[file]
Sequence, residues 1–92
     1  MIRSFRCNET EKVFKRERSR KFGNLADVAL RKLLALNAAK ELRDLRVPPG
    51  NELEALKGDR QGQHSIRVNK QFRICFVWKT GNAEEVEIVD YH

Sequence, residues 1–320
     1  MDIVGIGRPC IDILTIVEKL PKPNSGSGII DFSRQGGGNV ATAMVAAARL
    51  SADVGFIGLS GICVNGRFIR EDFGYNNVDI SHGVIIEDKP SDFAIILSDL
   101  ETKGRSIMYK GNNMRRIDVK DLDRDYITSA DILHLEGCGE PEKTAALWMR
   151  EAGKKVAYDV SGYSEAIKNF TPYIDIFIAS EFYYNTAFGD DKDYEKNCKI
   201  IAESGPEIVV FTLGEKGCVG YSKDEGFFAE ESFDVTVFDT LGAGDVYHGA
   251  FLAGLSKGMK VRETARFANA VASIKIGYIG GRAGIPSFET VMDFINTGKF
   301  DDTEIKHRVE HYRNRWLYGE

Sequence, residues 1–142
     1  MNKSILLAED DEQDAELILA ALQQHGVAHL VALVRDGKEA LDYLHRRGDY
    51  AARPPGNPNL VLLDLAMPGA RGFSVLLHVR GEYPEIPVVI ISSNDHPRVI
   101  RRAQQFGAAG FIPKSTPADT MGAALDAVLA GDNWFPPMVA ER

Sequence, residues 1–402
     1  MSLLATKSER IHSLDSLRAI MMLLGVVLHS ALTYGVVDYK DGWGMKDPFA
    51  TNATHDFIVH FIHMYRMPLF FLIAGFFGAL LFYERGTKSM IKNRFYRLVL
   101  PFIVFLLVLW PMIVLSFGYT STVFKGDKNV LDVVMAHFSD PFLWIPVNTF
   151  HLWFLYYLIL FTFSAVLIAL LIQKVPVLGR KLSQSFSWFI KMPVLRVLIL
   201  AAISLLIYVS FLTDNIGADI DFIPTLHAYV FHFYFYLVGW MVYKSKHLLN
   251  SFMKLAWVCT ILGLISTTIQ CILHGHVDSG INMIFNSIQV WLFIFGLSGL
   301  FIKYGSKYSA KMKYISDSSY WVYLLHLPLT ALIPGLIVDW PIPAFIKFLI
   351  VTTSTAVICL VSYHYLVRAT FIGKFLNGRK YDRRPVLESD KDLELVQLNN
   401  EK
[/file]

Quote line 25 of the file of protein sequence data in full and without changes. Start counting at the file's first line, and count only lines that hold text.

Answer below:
   401  EK